Seems like I wasn't the only one to notice one of the drives being T7K250.

If you really did a clean install (from a CD) to your new T7K250 and it's again entered PIO-mode, it's likely (but not certain) that the problem is not and was not your HDD.

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Wow I had no idea I had bought a T7K250, fine by me. :)

Thanks for all the help everyone SR is great. :)

Ok fixed the problem, here is what happened, although I am unsure why I always get the crazy near impossible odds series of events but I do, or perhaps we all just feel that way sometimes, anyway here is the outline, comments or questions are always welcome. :)

My boot 7K250 died but it had been working fine the insides of the computer had not been tampered with for some time.

I went and bought a new 7K250 (turned out to be a T7K250).

Installed the new drive in the same location and to the same ide position and the same cable as the old drive, installed windows, the drive was running in pio for no apparent reason.

I then switched the cable out for an identical cable (my error) and tried other things the great people here at SR suggested, nothing would get it back into dma.

I took the cable out yet again and replaced it with a single drive ide cable, EUREKA, the drive worked like a champ in dma mode 5, seems the type of very long dual drive cables were just to long for the new drive to like. So do T7K250’s just have a thing about long cables, the 7K250 worked fine on it for a long time before it died of course. Speeds now at 86 mb/sec and I am very pleased.

Also yes my old drive is still dead I retested it on the single cable, I plan to rma it.

Now I have a few more questions I could use guidance on.

Now as I said the drive works in dma mode 5 now on a single drive ide cable.

I had my computer set up in this way and I would like to return to this configuration:

Device 0 = Boot/System disk (T7K250)

Device 1 = DVD R/RW

Device 3 = Data Disk (7K250)

Device 4 = DVD R/RW

Seems simple enough right, just add in some dual connection cables, here is the problem, when I use a dual connection cable no matter what length or type it demotes my T7K250 drive to dma mode 4 and my HDtach and Atto speeds drop from 86 mb/sec with the single drive cable to 60 mb/sec with any dual drive cable, the same thing happens with my 7K250 data drive it drops from 77 mb/sec on the single to 60 mb/sec on the dual. I am not sure what is causing this, the dvd drives are not in use so the hard disks should not be slowed down, also if I put both dvd drive on one channel and both hard drives on the other, making the hard drives devices 0 and 3 it also causes this same strange 60 mb/sec brick wall.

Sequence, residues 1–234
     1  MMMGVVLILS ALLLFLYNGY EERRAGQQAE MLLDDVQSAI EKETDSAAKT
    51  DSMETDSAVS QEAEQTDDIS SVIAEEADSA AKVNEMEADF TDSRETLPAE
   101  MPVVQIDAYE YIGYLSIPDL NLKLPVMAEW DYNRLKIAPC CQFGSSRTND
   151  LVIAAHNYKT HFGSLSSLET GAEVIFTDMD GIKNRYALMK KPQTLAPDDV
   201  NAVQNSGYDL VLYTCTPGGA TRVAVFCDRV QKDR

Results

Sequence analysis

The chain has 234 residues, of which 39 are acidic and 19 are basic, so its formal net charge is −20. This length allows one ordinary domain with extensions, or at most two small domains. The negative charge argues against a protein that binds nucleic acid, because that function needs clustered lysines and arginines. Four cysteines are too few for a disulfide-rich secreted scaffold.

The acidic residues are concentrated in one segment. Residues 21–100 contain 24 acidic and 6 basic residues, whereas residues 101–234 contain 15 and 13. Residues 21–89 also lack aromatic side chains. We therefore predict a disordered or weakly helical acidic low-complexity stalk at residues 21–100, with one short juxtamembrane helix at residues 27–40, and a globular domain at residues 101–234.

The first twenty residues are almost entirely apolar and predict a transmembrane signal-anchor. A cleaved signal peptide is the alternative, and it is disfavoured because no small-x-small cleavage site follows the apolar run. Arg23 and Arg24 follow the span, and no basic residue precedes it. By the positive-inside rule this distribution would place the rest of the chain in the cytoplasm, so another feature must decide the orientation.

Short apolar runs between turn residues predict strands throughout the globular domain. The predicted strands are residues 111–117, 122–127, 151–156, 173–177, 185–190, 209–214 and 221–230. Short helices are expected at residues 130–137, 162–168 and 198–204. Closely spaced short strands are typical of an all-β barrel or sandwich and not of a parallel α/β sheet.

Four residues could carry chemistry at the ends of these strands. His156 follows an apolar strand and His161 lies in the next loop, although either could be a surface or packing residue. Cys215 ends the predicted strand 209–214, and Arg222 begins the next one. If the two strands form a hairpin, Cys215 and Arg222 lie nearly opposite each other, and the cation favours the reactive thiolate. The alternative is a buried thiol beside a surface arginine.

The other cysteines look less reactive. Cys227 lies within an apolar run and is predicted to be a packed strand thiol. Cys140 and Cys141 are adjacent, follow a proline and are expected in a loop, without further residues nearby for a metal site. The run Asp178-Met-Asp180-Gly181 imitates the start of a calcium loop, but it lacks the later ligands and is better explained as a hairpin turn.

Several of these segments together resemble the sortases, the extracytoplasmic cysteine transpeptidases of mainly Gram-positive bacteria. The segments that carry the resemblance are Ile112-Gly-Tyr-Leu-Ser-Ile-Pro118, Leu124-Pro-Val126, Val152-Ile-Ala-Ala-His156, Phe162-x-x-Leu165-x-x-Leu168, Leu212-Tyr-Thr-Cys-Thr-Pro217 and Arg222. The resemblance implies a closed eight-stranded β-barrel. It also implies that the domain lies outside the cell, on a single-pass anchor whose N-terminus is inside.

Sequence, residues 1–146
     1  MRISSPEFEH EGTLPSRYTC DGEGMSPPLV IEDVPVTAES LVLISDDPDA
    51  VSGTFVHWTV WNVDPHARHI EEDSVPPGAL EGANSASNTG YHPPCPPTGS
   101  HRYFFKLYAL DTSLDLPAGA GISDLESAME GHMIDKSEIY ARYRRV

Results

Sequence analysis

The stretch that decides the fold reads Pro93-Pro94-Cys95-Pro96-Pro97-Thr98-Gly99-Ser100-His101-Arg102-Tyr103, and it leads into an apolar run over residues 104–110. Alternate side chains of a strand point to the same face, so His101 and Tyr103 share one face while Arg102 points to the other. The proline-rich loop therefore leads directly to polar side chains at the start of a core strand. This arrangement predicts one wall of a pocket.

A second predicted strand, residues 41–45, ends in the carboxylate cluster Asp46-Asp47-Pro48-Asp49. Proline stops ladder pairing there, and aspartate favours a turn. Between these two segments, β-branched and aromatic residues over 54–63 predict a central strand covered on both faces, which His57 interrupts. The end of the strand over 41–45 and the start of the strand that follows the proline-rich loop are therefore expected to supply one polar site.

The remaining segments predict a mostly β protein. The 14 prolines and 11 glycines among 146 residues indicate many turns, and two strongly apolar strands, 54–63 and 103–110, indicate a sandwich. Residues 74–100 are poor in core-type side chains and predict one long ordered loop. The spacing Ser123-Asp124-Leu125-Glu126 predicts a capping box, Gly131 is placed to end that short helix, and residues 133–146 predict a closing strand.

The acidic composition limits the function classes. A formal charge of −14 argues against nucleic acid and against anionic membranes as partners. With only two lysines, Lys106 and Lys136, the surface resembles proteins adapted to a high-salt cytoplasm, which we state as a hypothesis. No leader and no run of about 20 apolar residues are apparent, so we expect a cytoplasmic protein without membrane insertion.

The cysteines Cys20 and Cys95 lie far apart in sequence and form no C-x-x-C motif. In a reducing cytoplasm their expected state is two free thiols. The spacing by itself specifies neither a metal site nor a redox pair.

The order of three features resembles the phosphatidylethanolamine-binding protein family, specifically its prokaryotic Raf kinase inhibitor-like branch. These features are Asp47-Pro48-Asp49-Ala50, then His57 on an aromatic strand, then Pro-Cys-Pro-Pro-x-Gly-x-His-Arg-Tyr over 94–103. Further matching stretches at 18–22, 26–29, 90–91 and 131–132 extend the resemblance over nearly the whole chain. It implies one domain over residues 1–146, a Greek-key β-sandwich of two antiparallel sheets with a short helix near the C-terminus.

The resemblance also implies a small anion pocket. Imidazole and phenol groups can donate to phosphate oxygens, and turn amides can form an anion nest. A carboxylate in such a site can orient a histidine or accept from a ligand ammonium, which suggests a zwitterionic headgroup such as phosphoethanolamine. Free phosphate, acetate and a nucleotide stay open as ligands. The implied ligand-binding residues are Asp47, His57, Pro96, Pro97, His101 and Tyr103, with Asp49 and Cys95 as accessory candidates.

Any Ideas?

Here is my current plan if it seems I must keep the hard drives alone on the integrated channels, my pci slots are full, so if I buy 2 of these : http://www.cooldrives.com/usb20toidead.html : and connect them both to my internal USB connection on my Adaptec USB 2.0 pci card through a 2 port USB 2.0 hub like this one : http://www.tigerdirect.com/applications/Se...06726&CatId=392 : then I should be set to go, and I don't think even sucking dual DVD's down from the drives will be bandwidth limited by this setup, plus it would have a clean look. So how does that sound?

Thanks in advance. :)

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Also yes my old drive is still dead I retested it on the single cable, I plan to rma it.
Still working slow + blue screening? Or just blue screening? Or did it not even show up in BIOS anymore? Did you read the SMART values of the failing drive like you did on the other two?